• I for one won't pay for their version of it, and I know I'm not alone. Furthermore I'll bet you a dollar that their version of it will closely monitor what you're transferring to who, and I'll bet you another dollar that it'll be riddled with spyware to boot.
  • by ViperOrel (1286864) on Monday May 19, 2008 @05:30PM (#23468190)
    Don't they understand that they could cut their P2P traffic down to 0 by just providing the MP3s and MPGs for free on one of their own servers?

    Sheesh!
    • by XHIIHIIHX (918333) *
      I already do.
    • Don't they understand that they could cut their P2P traffic down to 0 by just providing the MP3s and MPGs for free on one of their own servers? Sheesh!
      This technology already exists, it's call usenet servers, and most ISPs do have them. They just don't have the warez groups and/or limit the download speed so it's only reasonable to read text articles.
  • What do you think, does "ISP-friendly P2P" mean implementing local swarming algorithms and the like, or some sort of net-neutrality-breaking official P2P?
    • I don't care about time shifting when they play the shows over and over. I care about skipping commercials. Commercial skip is often disabled with these provided DVRs, so I won't use them.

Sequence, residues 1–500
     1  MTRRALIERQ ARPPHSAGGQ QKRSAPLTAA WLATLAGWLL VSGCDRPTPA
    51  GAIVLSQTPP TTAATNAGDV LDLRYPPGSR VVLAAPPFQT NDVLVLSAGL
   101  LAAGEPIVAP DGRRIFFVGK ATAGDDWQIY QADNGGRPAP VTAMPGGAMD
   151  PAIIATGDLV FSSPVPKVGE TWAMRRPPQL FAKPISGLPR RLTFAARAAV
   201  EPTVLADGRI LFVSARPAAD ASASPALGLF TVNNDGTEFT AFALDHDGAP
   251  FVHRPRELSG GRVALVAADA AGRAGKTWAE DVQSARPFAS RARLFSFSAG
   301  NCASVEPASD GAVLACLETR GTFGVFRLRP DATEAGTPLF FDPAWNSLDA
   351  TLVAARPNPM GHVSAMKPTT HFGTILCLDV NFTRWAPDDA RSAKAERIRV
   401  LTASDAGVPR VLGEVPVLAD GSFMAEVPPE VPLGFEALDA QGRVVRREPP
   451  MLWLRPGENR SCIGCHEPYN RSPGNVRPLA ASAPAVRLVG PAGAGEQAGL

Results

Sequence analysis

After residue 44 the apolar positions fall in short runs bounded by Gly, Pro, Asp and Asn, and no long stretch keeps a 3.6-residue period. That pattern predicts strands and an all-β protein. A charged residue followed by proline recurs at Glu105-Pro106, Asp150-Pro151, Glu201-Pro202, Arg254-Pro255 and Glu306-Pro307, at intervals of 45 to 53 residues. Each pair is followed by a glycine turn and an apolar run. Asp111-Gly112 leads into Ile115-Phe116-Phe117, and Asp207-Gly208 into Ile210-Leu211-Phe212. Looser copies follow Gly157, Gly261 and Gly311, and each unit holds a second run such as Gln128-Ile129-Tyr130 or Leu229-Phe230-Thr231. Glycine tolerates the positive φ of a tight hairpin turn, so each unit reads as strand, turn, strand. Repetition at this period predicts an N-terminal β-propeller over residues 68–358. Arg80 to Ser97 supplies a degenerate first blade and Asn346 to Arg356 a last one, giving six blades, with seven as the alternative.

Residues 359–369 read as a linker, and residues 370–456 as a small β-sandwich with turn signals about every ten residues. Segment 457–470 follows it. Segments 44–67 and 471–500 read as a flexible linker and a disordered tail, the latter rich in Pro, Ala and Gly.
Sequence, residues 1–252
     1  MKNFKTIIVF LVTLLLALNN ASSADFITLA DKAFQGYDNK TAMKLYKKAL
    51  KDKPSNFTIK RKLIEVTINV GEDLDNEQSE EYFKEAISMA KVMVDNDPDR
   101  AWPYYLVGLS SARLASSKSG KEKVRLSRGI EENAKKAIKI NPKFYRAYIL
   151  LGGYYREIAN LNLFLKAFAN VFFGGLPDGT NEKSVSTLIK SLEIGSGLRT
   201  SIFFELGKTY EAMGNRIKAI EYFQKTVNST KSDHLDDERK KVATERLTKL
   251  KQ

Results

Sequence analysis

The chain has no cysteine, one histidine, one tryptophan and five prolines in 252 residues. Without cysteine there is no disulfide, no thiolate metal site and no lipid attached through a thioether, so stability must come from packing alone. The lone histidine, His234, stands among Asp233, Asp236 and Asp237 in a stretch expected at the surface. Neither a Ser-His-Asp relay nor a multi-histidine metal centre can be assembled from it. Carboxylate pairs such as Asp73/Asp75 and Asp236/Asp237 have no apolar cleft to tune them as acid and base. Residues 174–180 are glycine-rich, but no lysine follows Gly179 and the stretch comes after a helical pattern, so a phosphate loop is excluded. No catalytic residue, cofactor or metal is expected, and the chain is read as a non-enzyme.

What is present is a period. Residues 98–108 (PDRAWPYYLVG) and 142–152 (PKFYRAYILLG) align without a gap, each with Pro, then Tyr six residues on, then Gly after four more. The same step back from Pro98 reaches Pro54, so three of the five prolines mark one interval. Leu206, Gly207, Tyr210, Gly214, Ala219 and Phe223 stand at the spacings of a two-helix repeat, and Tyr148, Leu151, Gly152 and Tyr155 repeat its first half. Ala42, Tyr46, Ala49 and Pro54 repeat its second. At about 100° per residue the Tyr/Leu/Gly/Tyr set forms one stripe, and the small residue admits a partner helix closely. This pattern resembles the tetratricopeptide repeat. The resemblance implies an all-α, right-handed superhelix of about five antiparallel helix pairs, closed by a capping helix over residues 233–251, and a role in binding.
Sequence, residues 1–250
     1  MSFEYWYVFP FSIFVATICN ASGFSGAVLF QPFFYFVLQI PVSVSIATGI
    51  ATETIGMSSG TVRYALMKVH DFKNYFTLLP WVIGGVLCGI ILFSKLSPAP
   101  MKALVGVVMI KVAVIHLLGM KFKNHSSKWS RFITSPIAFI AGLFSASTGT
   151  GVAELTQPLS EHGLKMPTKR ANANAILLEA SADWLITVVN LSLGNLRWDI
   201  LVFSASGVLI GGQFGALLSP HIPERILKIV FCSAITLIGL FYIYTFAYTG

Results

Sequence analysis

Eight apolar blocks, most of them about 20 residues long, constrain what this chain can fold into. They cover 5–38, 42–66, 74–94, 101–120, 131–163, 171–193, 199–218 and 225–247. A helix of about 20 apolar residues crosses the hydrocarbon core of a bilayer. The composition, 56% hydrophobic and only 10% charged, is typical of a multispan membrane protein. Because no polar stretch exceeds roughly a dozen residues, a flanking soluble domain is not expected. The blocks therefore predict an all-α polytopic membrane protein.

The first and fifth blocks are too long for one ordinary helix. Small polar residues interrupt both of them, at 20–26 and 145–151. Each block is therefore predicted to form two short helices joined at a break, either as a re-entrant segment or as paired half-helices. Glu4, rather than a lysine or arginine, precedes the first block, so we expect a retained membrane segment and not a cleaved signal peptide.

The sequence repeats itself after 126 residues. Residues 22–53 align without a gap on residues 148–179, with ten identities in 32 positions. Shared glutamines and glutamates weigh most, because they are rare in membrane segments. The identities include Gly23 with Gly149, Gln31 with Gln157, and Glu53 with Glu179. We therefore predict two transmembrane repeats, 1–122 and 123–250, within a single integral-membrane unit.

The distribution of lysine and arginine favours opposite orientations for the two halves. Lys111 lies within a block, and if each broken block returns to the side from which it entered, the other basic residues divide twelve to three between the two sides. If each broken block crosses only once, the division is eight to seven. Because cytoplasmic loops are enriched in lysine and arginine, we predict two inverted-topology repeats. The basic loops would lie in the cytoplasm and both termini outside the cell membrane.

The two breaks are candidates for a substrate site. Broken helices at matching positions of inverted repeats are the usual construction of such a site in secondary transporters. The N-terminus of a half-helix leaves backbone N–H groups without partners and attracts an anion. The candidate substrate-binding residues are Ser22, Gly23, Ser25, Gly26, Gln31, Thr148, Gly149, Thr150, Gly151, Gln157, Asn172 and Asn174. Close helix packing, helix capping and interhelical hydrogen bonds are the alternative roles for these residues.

I'm sure some content will be disallowed on their P-2-P systems, so I won't use that either.
  • Aren't they just trying to speed up their internet for the average user, and bitTorrent just happens to be the biggest bandwitdh hog?

    Do they really care if you're downloading newestLinuxDistro.iso or newestDVDrelease? I wouldn't think so.

    On the other hand, if Comcast was my ISP, I would prefer faster p2p over normal web browsing. I want an open Internet. Period.
    • by Dunbal (464142) on Monday May 19, 2008 @05:41PM (#23468312)
      Aren't they just trying to speed up their internet for the average user

            No, they're not. How does using method A vs method B change the amount of megabytes of data that user X wants to download? It's irrelevant, unless you can prove to me that their "method" uses less "overhead" (the amount of stuff in each packet that isn't actual data). But downloading 400MB via bittorrent, limewire, Kermit or a binary dump is still going to amount to a 400MB download.

            However you may have a bright future in either marketing or politics.
      • It reduces the load on their upstream peering/transit links if you use an intelligently designed protocol that understands subnet affinity. That does, in fact, make that ISPs internet faster and more reliable for everyone.